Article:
This issue sees Superman against the wall. He's leading a fight against Vandal Savage, and it is a fight he is losing. He has lost all of his powers, and is only still fighting because he's re-powered himself with a fatal dose of kryptonite. Much of the Justice League has already been knocked out of action. This issue marks something of a final stand.
Broadly speaking it's pretty great. A quite astonishing number of artists have contributed to this issue, so in visual terms it is a little all over the shop. There's a lot of emotion running through it, however, and Kuder's layouts do manage to broadly keep everything together. The good part of the issue is that it really does feel like a triumphant climax to Kuder and Pak's run. The bad news is that despite this it still ends on a cliffhanger and the story continues in Superman/Wonder Woman. I'm going to assume Superman wins the day. (3/5)
Action Comics #50. Story by Greg Pak and Aaron Kuder. Script by Greg Pak. Layouts by Aaron Kuder. Art by Aaron Kuder, David Messina, Javi Fernandez, Bruno Redondo, Vicente Sifuentes, Gaetano Carlucci and Juan Albarran. Colours by Tomeu Morey, Arif Prianto and Wil Quintana.
Under the cut: reviews of Detective Comics, Doctor Strange and The X Files: Deviations.
DC Comics. Written by Peter J. Tomasi. Art by Fernando Pasarin, Scot Eaton, Matt Ryan and Wayne Faucher. Colours by Chris Sotomayor.Much like Action Comics, Detective Comics hits issue #50 with an extended, expensive celebratory extravaganza. Unfortunately it does this by packaging a regular issue - the climax of Peter J. Tomasi's three-part storyline - with an unnecessary and indulgent series of splash pages by different artists, intended as a sort of celebration of all things Batman. Some readers may like it. I found it unnecessary and a pretty weak reason to charge readers an extra dollar. Thankfully Tomasi's climax, illustrated by Pasarin, Eaton, Ryan and Faucher, is pretty solid stuff. (3/5)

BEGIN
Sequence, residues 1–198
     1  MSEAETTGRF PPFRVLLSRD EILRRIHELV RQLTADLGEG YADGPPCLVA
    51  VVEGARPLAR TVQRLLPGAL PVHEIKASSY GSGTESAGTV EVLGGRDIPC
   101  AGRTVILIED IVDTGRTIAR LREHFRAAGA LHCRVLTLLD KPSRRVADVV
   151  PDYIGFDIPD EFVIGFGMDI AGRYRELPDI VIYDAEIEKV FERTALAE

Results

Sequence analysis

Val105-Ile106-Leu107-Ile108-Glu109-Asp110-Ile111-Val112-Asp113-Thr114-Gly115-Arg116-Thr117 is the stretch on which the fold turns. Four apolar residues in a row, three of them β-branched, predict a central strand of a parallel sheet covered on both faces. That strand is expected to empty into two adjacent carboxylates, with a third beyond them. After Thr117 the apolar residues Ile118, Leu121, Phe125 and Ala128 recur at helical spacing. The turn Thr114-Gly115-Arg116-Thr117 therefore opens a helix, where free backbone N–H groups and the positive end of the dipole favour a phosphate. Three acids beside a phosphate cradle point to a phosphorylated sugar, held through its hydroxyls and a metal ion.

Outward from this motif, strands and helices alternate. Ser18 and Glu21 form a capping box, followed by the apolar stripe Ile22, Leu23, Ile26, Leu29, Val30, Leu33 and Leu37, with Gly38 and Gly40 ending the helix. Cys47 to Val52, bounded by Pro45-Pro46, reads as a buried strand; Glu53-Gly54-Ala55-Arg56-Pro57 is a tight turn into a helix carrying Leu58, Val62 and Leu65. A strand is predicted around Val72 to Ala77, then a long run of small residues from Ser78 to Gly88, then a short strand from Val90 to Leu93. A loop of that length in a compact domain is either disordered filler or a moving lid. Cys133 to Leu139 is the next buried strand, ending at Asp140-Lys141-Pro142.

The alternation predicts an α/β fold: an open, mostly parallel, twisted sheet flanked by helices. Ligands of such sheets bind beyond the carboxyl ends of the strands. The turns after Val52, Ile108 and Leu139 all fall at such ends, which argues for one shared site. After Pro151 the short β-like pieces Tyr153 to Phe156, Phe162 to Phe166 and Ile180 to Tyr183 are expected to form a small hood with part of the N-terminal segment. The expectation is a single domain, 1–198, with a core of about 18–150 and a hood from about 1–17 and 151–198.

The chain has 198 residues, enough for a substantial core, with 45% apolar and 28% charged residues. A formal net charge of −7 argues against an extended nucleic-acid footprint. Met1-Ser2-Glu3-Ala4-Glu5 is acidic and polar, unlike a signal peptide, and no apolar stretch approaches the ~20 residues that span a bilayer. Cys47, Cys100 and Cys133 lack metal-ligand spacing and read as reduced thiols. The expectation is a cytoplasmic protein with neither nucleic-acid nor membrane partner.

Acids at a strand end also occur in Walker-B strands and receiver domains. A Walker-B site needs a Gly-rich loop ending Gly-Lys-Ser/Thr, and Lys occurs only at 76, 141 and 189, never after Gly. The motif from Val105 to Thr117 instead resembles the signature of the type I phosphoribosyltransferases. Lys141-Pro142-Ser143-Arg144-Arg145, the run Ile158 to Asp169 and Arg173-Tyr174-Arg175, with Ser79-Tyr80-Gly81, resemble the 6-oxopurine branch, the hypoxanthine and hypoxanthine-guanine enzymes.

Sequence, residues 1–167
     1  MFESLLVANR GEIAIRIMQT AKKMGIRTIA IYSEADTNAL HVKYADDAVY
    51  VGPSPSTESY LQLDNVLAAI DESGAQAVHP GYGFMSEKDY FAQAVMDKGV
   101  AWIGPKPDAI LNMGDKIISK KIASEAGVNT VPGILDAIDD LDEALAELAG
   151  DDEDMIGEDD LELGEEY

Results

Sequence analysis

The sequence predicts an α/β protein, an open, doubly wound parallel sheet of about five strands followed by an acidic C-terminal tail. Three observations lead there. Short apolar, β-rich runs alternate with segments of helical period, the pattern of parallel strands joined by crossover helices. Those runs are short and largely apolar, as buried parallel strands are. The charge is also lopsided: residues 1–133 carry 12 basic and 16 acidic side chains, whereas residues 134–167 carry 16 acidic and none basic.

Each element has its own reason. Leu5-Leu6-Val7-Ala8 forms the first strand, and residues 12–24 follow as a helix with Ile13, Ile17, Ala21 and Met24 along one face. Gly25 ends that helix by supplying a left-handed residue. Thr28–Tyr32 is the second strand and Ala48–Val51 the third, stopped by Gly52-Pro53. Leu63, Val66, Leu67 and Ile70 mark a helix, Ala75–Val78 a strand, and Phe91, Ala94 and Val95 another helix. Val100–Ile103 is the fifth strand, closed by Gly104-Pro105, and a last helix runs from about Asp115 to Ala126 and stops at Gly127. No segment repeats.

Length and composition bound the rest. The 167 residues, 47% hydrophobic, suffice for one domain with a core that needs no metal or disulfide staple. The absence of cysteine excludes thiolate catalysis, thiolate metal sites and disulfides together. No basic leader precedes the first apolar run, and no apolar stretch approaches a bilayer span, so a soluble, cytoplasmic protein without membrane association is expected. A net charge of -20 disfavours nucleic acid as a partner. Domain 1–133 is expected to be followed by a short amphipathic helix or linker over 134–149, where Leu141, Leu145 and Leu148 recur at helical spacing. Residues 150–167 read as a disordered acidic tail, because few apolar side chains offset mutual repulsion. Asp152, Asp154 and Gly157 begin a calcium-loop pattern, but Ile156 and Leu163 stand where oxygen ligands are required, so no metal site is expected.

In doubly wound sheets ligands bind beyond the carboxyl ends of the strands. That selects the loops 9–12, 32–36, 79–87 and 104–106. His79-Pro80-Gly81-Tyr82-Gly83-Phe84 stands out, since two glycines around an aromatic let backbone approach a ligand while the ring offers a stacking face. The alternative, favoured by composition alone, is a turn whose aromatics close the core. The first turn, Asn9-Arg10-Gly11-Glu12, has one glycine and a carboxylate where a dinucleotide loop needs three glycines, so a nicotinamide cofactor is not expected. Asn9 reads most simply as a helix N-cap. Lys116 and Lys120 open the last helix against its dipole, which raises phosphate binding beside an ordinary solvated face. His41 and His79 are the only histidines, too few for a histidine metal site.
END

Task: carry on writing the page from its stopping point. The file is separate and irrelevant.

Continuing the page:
Marvel. Written by Jason Aaron. Art by Chris Bachalo, Tim Townsend, Al Vey, Mark Irwin, John Livesay, Wayne Faucher, Victor Olazaba and Jaime Mendoza. Colours by Chris Bachalo with Java Tartaglia.Some quick observations about Doctor Strange #6. Firstly it took seven artists to ink this issue, which like Action Comics seems a trifle excessive. Secondly the cover proudly announces it is the beginning of a new story arc; it isn't. It begins in the middle of a story and ends still in the middle of that story. Thirdly this ongoing arc focuses on a non-magical villain going from dimension to dimension wiping out all magic in revenge for what magicians once did to him. That is basically the exactly same premise of Jason Aaron's acclaimed "Godkiller" arc in Thor: God of Thunder a few years back, and it suddenly struck me that he is recycling his own plot. This is an entertaining book, but to be honest Bachalo's art is just a bit too messy and incoherent, and there simply isn't the spark I got when Aaron told this story the first time. (3/5)
IDW. Written by Amy Chu. Art by Elena Casagrande and Silvia Califano. Art by Arianna Florean.It's the beginning of The X Files all over again, with Dana Scully attached to debunk the work of UFO obsessive Agent Mulder - only this time around it's Samantha Mulder, sister of abductee Fox. There is a neat sort of 'what if' thing going on with IDW's Deviations series of one-shots. Certainly this issue is neatly written and very nicely illustrated, but sadly it doesn't really go anywhere. It sets up some characters and that's about it. It is a missed opportunity. (2/5)